The harbor seal pups are being born at the Reserve, and it’s up to visitors to help keep them safe. If you see orange cones, avoid those areas since seals and pups may be hauled out there to get warm. If you see a seal pup on its own, leave it alone. If you think a harbor seal is in distress, call the Rangers or the Marine Mammal Center at the phone numbers below.
The March, 2013 issue of FFMR’s newsletter, “Between the Tides” reports: During the spring at FMR Rangers and Naturalists keep an eye out for harbor seal pups. Some of the pups can arrive early in the year, but peak pupping season is late April to early May. By the end of January this year we already had 2 newborn harbor seals.
This is a vulnerable time for harbor seals who are nursing their young. Recently there have been reports of flushing (return of seals to the water due to disturbance) both at Nye’s Rocks and at the haulout area at Cypress Point. Too few orange cones (indicating areas to stay away from) have been put out and it is sometimes difficult for visitors to understand which areas are designated as restricted. And seals blend in so well with the rocky reefs and beaches that some visitors have not noticed they are approaching a seal until they are too close.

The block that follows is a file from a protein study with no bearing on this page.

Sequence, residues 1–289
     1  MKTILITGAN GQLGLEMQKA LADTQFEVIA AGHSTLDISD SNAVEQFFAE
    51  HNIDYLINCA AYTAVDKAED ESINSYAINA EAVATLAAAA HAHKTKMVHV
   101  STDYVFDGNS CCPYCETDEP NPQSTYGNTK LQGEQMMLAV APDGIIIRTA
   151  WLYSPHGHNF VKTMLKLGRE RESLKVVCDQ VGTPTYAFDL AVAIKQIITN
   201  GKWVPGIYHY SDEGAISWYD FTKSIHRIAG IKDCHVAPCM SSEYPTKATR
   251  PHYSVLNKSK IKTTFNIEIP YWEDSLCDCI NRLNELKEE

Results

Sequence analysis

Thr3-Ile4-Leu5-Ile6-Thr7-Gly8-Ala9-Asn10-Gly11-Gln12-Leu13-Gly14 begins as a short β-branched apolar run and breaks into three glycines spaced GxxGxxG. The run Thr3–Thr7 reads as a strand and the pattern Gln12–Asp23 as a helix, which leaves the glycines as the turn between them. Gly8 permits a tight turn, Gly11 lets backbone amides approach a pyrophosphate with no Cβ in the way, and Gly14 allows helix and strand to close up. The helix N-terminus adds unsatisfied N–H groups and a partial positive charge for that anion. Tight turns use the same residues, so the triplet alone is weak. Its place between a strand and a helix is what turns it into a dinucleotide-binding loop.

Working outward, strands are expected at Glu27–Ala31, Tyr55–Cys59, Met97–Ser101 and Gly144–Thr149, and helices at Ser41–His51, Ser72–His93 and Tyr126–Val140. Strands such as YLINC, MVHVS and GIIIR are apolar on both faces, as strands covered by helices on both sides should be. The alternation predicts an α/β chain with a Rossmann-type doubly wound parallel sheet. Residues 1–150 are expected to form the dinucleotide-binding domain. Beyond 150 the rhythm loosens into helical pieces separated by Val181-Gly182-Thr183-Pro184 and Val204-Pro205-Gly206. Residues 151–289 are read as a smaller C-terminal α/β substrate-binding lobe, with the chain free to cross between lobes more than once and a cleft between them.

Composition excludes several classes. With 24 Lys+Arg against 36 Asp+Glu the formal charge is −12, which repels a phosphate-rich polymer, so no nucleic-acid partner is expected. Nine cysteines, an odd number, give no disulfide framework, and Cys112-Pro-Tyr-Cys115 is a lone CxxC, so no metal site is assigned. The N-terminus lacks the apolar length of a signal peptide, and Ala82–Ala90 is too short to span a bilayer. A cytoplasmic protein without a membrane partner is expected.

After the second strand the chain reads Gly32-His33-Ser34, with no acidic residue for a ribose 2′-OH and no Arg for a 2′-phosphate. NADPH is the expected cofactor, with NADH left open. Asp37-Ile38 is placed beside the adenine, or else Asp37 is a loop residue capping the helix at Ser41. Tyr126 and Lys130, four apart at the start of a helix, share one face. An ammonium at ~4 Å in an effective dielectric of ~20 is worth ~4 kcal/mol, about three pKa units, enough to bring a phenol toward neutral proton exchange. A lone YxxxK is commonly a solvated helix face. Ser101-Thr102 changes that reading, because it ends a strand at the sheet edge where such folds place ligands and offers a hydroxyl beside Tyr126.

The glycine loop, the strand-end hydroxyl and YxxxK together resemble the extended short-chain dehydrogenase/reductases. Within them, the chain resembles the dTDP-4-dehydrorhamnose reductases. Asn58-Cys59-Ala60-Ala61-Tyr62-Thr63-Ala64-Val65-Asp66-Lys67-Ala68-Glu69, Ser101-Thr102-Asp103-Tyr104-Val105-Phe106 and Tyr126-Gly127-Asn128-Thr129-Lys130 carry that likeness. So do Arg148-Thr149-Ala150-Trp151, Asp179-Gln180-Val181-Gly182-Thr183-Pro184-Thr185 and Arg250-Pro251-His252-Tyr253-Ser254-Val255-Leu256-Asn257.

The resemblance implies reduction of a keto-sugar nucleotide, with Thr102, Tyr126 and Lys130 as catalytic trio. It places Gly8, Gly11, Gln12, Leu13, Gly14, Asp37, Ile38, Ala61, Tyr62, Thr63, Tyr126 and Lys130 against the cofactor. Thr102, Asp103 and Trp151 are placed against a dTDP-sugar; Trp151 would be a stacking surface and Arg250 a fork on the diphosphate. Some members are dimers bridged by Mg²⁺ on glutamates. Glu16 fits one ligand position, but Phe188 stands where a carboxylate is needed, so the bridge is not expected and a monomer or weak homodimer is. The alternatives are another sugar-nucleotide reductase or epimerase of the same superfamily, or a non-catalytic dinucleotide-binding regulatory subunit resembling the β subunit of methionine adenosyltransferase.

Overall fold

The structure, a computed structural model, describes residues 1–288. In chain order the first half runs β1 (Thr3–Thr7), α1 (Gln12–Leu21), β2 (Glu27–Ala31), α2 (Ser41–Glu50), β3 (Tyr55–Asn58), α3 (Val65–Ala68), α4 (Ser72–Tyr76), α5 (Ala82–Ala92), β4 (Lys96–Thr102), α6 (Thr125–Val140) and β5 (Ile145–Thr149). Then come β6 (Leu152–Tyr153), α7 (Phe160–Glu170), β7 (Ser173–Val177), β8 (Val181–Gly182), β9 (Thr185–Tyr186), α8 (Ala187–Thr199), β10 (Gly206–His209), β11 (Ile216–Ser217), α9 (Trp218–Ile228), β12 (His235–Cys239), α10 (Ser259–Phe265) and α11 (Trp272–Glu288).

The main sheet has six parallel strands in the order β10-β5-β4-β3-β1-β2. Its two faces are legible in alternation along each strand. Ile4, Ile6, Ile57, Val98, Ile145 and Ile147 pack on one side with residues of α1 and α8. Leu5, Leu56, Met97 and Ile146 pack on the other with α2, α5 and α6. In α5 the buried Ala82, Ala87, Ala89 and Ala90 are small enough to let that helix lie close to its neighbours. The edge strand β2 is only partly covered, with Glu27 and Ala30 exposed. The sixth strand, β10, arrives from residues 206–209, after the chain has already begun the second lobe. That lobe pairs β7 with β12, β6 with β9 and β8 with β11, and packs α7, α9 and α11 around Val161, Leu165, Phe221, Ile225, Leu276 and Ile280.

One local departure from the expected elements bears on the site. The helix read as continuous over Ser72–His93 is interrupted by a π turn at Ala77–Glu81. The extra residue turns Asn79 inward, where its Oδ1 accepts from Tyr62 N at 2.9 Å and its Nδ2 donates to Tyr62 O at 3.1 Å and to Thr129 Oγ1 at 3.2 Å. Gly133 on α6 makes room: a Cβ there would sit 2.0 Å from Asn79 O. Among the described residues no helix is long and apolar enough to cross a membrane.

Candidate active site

Please do your utmost to aid these creatures who faithfully honor our Reserve with their presence. We can all act as good stewards by helping to educate the public about safe distances from which to observe the seals in all sea- sons. By doing our part we can keep Fitzgerald a safe place where seals can thrive and use the protected coves as nurseries for their young.
Please report any disturbance of harbor seals to Park Rangers. Above all, don’t attempt to rescue a seemingly abandoned pup. The mother may be out foraging for food. To report sick or abandoned pups please contact:
Park Rangers: 650-728-3594
Marine Mammal Center: 415-289-7350
At FMR, the relatively small (under 150 lbs) and shy harbor seals rule the beach when they come ashore to rest during low tides. Due to their federally protected status as marine mammals, humans are required to stay at least 100 yards away from their resting areas. Depending on where seals opt to haul out, large swaths of the tidepools may be inaccessible to visitors.Read More»